“Hey man, how you been!”. The voice on the phone was one of my best friends growing up, Ryan Ketner. When we first met at school it was after moving in the 10th grade to a new town. I was afraid I wasn’t going to make any friends with only about a month to go before summer. How wrong I was because I met someone who was my best friend for not only that summer but for 25 years more. Ryan, or as we always called him, ‘Ket’, (In fact my name is Ryan as well and we had a number of friends named Jason for some reason, and therefore no one was ever called by their first name, it was always their last which is not really uncommon among guys to do) was one of the most hilarious individuals I had ever know. We got into all kinds of trouble with our group of friends, but through it all he and I remained close even after graduation. We had drifted apart as this happens to everyone who ‘grows up’ and gets on with their lives, but we always managed to stay in touch and saw each other when we could. Ket was the first person I decided to call after having my thoughts churn about Kickstarter.
“Dude, you have to check out this article I found online about a card game on Kickstarter. It’s insane how much money they raised, but look, here’s an opportunity for you and I to work on something together.” He found the article about Exploding Kittens and was immediately interested.
There were a couple of reasons I had reached out to Ket. The most important reason was I thought he was someone who would want to make a game, and would join me in this venture if we could come up with a good plan. Something I had always wanted to do was to work with someone who I trusted, who could put me in check and I could do the same to them. Friends are the ones who won’t pull punches, they tell you like it is because they know that your love for them is based on loyalty. That’s what I had wanted when I started my poker club, and I had started it with two friends, but the partnership deteriorated after only a few weeks, and this happened for a number of reasons that to this day I don’t blame any one of us alone, but we didn’t plan ahead like we should’ve, and so I was left alone with the club to either sink or swim. What I had wanted was to work with friends but quickly found out that if not done right the new business venture can help dissolve that friendship. I had wanted to avoid this in the future, and as Ket and I talked about possibly working together we quickly established that if we did this we would take the steps needed to make sure we didn’t hurt our friendship.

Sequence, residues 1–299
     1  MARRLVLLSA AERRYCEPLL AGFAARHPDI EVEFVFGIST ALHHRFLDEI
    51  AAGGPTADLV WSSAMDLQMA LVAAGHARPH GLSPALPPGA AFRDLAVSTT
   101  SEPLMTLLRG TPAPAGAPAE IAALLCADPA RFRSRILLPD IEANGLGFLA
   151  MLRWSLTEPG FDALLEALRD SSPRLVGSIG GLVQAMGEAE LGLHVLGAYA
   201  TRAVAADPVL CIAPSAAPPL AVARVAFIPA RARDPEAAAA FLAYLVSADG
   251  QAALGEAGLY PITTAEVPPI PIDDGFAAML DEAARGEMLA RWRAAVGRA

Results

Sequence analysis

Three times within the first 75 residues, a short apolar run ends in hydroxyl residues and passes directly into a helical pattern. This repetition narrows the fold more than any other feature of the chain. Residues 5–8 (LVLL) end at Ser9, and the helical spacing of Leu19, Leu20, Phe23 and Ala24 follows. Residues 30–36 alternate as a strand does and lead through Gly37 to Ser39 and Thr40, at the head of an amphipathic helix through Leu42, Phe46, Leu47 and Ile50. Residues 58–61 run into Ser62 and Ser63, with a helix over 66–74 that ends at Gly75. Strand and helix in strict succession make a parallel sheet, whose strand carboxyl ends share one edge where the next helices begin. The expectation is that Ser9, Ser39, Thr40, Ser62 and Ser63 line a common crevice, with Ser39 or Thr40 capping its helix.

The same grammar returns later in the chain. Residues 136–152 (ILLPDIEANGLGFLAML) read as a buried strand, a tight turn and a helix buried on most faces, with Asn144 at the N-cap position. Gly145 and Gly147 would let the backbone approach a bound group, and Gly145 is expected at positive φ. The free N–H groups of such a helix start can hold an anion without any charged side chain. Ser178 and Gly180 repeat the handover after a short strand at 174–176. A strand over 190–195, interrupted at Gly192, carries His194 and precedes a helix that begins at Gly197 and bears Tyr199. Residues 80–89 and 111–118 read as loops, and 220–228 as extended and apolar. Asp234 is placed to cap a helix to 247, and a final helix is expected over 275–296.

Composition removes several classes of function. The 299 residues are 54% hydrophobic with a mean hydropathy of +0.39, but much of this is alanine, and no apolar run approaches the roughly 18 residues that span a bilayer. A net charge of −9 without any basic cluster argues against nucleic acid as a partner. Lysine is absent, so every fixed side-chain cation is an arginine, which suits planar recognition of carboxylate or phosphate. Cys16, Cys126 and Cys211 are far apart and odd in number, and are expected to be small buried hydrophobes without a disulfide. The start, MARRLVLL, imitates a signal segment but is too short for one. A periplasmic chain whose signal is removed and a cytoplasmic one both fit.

The second reason I wanted to work with Ket was that he had already designed a game a few years earlier. He spent a long long time on it, but had never published it or pursued it once he had gotten a teaching job at a college. I still thought that he would be perfect to work with because he had spent so much time developing his game, working out the mechanics, and he did a phenomenal job on it.
Our conversation went on for a bit and then Ket explained to me that although he was still living where he had been, about 2 hours from me, he was getting ready to move to Chicago for a new job. My heart sank when he started to explain this because I thought that this was not going to work and I’d have to start this venture on my own. He told me the idea was interesting though and he’d have to think about it, but with the move, new job, etc., he wasn’t sure he’d be able to make it happen with everything on his plate.
We hung up and I was immediately discouraged. I started going about my day and later as I was getting ready for work I realized that even though it would’ve been nice to work with one of my best friends I shouldn’t be discouraged. Sure, I was starting to put together in my mind what creating a game would entail, and started thinking about everything else that would have to go into a project like this. “How can I do this by myself?” “How do I even start?” All I truly knew that first day was that I was going to be determined. I was going to make a game, and I might even try to make a ton of games! Would it be hard? Sure it would, nothing worth doing is easy. I knew how ‘green’ and naive I was, but when you begin to feel passion for something you quickly start to overcome your anxiety to figure it out.
One week went by and I had already created my ‘To Do’ list. I had already sketched some ideas down for possible games, and started looking into websites, web design, etc. I was trying to identify the areas that I knew I would need to have down the road but that I would struggle with in order to get a jump start. That’s when the phone rang. It was Ket and he said the best thing I could’ve heard, “Hey man, I’ve been thinking about our last conversation. I just wanted tell you… I’m in!”.